This is one of the smallest and the cutest of the lot, though, alas, they are not edible. They would make great craft projects for kids and excellent fall decorating. They are also quite prolific if you like giving away lots of pumpkin gifts: they produce about 400 seeds per pound!
Another small, white winter squash with a bit of green spotting. Maybe you’d like your Halloween pumpkin face to have freckles!
The Lumina pumpkin is a very popular variety that ends up at 10 to 15 pounds when fully grown, almost white enough to light up your garden without lamps, and boasts an orangey flesh.
Just referring to this variety when discussing your garden with your friends could be amusing. It needs a good amount of time to get that snowy skin, about 155 days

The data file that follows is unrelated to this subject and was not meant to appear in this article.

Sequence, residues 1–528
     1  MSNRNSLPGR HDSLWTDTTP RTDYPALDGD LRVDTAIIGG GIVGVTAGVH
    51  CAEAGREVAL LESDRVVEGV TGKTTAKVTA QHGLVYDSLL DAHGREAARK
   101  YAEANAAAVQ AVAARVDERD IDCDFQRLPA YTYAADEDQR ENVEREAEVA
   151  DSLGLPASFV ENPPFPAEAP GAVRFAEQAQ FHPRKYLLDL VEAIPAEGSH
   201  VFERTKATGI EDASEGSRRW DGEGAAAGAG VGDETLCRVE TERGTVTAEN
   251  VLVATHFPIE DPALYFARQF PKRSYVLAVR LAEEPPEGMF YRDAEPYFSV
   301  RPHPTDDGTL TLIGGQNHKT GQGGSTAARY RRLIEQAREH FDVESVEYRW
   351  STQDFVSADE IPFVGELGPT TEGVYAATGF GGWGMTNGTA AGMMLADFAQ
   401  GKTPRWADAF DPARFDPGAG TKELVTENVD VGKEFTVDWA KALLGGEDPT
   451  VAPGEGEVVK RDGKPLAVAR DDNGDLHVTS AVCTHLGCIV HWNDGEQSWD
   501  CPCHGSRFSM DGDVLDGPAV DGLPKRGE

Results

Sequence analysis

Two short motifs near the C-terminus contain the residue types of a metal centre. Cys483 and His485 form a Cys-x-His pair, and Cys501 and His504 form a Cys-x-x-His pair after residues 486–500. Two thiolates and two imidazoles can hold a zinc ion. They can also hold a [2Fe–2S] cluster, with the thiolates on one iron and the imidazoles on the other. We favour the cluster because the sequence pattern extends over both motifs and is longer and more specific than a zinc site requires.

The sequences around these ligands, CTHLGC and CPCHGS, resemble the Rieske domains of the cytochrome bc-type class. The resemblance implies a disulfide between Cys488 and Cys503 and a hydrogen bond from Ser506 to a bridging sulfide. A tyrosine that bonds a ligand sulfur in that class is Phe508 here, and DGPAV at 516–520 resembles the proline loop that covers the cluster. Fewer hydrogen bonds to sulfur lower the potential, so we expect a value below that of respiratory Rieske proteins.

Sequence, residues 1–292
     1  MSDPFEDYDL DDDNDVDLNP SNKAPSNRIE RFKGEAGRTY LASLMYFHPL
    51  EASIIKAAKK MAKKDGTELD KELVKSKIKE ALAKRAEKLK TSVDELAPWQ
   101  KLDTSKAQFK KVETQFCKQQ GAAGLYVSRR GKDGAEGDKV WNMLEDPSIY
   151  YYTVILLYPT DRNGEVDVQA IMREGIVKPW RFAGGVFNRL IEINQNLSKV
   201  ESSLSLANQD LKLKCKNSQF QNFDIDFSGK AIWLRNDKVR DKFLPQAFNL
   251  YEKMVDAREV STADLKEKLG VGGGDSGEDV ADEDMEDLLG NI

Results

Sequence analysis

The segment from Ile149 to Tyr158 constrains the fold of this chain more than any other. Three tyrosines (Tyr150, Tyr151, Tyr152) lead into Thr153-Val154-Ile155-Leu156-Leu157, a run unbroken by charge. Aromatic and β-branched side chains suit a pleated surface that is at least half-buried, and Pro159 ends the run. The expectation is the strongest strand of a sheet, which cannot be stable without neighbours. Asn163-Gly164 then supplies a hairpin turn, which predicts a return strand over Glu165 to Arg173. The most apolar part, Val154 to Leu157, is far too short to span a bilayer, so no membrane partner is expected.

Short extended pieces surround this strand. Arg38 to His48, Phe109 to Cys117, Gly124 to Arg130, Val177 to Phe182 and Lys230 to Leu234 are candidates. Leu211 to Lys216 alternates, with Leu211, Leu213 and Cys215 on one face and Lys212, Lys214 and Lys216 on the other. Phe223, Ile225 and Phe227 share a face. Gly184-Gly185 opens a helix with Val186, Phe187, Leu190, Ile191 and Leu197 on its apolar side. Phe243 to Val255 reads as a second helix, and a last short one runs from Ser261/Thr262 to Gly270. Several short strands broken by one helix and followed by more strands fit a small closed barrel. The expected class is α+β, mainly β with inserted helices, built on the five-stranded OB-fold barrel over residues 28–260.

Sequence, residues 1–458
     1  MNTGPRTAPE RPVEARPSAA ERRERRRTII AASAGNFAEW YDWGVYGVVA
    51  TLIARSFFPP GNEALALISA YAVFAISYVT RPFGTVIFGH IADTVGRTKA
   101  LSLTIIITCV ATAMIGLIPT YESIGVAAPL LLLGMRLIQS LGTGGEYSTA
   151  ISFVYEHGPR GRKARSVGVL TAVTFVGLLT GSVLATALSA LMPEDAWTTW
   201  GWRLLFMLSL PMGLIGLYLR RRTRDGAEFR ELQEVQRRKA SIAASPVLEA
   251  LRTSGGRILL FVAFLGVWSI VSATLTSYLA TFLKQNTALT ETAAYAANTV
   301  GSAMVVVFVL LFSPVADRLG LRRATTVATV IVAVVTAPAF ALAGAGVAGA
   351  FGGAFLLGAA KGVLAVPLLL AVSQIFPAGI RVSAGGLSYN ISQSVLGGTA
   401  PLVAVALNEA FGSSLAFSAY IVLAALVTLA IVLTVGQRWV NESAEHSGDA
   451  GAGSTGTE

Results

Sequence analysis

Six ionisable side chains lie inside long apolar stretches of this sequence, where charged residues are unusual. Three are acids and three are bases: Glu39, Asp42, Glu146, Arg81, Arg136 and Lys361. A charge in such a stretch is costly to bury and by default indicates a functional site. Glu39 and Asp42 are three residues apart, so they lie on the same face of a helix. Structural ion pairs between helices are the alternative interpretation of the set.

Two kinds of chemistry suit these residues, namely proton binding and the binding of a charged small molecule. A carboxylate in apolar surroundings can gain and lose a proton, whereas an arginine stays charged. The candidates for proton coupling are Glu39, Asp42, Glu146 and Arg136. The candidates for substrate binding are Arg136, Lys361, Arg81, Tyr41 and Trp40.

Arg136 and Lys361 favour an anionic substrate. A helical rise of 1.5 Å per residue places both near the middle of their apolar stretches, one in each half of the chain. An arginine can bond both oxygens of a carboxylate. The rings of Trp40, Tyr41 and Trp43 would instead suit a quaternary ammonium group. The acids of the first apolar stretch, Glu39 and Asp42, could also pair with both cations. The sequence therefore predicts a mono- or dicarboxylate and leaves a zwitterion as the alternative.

If the usual ribbing of pumpkins makes it difficult for you to carve your favorite jack o’lantern face, you’ll appreciate the smoothness of this one. Remember that the Casper is a tad over-sweet when baking, so change the amount of other sweet ingredients to compensate.
Want a bigger, meatier pumpkin? The Full Moon can get up to 90 pounds! If you want this hefty type to stay white, better keep it in the shade.
Rupp Seeds developed this one. It has a mighty strong stem and a traditional round pumpkin shape. Keep your pumpkin in a dark and cool spot to prevent yellowing.
Gee, there are a lot of “moon” references to these white beauties. I can’t imagine why that is. What makes this particular moon special is its resistance to powdery mildew and zucchini yellow mosaic virus. Its medium size will make it a bit easier to handle than its heavier relatives.
A little flattened in shape, a little ribbed, and a little sweet in taste. This is a medium-sized pumpkin that weighs in at around eight to 10 pounds and takes 110 days to mature.